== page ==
Where Is Angel Fire New Mexico?
Angel Fire is located in the majestic Moreno Valley in Colfax County, New Mexico, 23 miles east of Taos via US Hwy 64 and 152 miles northeast of Albuquerque. The Moreno Valley is a 15 mile long, 3 mile wide, high alpine valley with an 8,382′ base elevation. Surrounding mountains range from 11,086′ Agua Fria Peak on the south end of the valley to 12,441′ Baldy Peak at the north end of the valley. Wheeler Peak at 13,161′, the highest mountain in the state forms the northwest boundary of the valley.
Angel Fire is a resort community located approximately 152 miles northeast of Albuquerque, 90 miles northeast of Santa Fe, 60 miles north of Las Vegas, 25 miles east of Taos, and approximately 80 miles west of Raton. Angel Fire was established in 1967. The village of Angel Fire was incorporated in 1986. We are the 99th incorporated municipality in the state of New Mexico.
There are over 7,000 residential lots and commercial tracts with over 6,000 property owners with more than 1,100 residential, commercial and multifamily structures representing almost 6,000 pillows. Of the 6,000 property owners, the majority are part-time residents and their homes and condos are either rented out through any one of our property management companies, or used by friends and family.
Angel Fire consists of a ski area with over 30 miles of trails, an 18 hole golf course, 6 tennis courts, a stocked fishing lake, stables, hiking trails, an RV park and a park with ball field and playground, and marked snowmobile trails. Over the past six years, there has been a steady increase in the skier days and rounds of golf. The 2000-01 ski season total was 165,000 skier days; rounds of golf for 2000-01 was 28,000.
Although the Village of Angel Fire has a year round population of only 1,048 residents, on any given holiday, there can be as many as 10,000 guests in the resort. During the entire year, there could be as many as 2500 guests in our town on any given day during peak seasons. Although we are a year round resort, the slower months are October and April.
Climate: Angel Fire’s climate is anyone’s dream. Winter temperatures are generally moderate, averaging mid-thirties daytime to mid-teens in the early morning. Average annual snowfall is 140″ in the valley and over 210″ in the ski area. Spring and summer offer an average annual precipitation of 7″ with moderate temperatures varying from early morning lows in the mid-forties to mid-afternoon highs of 75 degrees with very low humidity levels. Summer requires a sweater or light jacket for cool evenings and maybe an umbrella for occasional mountain showers. Fall is brisk and dry.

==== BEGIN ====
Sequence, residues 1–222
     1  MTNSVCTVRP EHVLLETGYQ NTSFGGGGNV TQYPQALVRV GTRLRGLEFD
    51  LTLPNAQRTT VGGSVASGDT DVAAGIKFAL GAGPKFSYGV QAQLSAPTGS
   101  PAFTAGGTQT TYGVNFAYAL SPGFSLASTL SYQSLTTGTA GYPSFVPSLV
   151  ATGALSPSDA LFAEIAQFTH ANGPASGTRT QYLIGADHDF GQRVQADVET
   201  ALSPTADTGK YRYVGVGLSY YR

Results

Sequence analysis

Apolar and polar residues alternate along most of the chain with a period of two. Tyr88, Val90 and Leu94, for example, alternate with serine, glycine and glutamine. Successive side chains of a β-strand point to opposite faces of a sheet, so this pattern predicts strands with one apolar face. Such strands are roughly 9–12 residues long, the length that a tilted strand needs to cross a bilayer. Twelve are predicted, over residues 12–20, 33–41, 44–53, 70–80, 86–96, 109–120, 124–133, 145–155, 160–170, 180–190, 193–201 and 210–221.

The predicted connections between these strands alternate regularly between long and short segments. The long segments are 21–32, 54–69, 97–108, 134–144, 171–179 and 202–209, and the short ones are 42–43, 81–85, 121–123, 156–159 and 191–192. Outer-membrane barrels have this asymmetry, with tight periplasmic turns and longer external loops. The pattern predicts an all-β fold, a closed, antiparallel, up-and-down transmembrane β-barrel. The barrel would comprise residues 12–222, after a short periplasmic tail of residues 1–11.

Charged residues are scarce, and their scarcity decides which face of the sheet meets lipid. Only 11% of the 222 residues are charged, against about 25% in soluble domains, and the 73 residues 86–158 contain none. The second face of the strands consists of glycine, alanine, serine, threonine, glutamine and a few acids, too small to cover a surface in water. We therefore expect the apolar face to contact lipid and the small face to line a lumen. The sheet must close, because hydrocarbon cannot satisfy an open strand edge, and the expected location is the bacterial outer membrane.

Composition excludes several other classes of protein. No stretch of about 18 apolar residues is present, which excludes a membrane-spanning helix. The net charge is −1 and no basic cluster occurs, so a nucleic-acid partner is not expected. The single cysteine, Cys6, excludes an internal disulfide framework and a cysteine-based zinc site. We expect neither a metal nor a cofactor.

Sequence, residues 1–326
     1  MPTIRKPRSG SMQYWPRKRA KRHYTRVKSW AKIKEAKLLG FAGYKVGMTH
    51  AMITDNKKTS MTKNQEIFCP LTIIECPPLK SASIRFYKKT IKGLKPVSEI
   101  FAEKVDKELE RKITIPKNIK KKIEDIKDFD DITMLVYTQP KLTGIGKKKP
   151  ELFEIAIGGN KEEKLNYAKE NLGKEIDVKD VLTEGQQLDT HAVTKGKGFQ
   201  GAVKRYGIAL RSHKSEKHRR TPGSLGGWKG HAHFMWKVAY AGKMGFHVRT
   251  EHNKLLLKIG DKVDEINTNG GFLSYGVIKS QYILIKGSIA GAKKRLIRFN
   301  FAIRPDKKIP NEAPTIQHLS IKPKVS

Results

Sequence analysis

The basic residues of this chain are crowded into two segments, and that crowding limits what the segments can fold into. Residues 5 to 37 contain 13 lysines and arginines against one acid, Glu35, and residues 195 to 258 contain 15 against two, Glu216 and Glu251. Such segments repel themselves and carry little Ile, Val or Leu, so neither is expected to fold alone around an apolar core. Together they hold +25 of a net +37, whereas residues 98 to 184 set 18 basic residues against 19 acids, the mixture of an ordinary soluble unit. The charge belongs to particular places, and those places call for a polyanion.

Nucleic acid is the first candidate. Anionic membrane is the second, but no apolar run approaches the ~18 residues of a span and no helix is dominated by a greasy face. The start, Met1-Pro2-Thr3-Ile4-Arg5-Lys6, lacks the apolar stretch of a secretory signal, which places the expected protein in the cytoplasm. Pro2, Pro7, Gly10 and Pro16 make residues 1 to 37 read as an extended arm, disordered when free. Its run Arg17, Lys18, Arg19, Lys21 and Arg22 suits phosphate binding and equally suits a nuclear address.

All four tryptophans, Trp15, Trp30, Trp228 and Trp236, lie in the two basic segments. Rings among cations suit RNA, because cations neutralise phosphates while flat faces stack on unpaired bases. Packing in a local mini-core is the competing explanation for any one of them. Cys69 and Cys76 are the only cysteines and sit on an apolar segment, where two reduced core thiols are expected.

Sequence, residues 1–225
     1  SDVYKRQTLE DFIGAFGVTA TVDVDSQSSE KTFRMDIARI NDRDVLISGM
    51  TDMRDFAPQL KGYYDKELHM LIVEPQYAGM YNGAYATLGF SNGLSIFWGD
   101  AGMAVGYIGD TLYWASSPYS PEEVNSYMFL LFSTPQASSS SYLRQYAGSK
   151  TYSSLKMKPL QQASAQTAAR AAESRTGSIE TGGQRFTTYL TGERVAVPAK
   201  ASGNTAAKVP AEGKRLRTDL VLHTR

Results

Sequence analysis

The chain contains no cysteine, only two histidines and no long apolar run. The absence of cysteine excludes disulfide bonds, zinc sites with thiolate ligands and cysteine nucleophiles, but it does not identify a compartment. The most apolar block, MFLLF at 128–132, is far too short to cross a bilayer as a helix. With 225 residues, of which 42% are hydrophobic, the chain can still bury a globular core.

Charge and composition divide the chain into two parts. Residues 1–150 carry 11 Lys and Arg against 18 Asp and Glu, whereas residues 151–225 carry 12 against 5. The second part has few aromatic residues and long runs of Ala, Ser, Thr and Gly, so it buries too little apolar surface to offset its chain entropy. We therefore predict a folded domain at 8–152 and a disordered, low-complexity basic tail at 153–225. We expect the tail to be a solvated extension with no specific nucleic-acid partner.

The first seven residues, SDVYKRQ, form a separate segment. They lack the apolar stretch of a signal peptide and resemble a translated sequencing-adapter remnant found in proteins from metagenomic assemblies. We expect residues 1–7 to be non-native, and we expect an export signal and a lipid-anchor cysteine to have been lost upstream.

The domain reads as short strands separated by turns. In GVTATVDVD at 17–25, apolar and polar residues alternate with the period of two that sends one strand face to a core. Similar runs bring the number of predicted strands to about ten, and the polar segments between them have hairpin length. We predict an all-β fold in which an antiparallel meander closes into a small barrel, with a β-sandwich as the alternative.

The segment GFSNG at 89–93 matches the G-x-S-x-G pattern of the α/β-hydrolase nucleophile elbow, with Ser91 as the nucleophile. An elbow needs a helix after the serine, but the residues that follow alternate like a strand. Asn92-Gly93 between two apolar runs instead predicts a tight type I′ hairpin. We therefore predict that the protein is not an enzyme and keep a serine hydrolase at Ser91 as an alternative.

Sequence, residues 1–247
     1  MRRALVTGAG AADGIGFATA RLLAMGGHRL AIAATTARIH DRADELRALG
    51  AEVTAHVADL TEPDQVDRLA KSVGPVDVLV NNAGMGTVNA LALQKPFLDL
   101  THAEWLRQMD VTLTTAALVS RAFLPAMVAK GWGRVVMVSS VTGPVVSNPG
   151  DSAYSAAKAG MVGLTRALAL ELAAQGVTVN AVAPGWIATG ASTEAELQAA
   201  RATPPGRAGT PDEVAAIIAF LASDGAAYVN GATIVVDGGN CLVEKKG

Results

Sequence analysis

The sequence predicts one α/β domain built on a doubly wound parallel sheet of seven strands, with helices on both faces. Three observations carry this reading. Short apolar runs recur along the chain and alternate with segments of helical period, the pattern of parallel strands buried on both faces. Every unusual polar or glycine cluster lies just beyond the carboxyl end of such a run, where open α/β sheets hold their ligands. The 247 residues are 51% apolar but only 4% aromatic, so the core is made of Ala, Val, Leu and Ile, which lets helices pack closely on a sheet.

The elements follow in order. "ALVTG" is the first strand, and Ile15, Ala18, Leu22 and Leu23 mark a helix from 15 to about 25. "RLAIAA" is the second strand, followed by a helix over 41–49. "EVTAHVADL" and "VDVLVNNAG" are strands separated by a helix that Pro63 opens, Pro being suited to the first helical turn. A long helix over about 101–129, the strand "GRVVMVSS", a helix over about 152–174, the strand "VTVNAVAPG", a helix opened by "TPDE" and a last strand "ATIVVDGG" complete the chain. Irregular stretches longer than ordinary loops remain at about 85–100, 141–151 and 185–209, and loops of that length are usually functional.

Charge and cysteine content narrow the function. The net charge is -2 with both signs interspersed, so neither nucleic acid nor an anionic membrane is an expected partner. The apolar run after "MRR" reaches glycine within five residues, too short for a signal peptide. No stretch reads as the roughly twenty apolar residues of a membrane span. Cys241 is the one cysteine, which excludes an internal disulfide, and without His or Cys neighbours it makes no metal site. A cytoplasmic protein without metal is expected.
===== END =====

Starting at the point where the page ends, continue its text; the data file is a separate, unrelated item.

The Moache Utes, a nomadic people, gathered in the Moreno Valley in the summer and fall. According to legend, they called the glow against Agua Fria Peak the “fire of the gods.” When traveling Franciscan friars came through the area, they transposed the name into ” the place of the fire of angels.” Some believe in this legend. Some claim it’s a story made up by a local twentieth century mountain man.
History: 133 years ago, the narrow Moreno Valley was pasture and hunting land occupied by the Moache Utes and Jicarilla Apaches. It was part of an enormous 1.7 million acre land grant owned by one man, Lucien B. Maxwell. In 1867, however, everything changed. Gold was discovered on Baldy Mountain, overlooking the Valley. Within a year, 7000 fortune hunters flooded the area. They established Elizabethtown, a typical wild west venue salted by vigilante justice and a 17 year county war between land owners and squatters. In 1918, Charles and Frank Springer, owners of the CS Ranch, completed Eagle Nest Dam, taming the Cimarron River and conserving water for Colfax County. On the edge of the lake, the town of Therma was built, later changing its name to Eagle Nest.In 1954, Roy and George LeBus of Wichita Falls, Texas, bought the 9,000 acre Monte Verde Ranch and later added the 14,000 acre Cieneguilla Ranch to their holdings. Ten years after the initial purchase, they decided to develop the property into a resort community. They called the new development “Angel Fire”, a name which Indian lore attached to the area. Its origin is obscure, but may refer to the reddish glow sometimes seen on the winter mountains at sunset.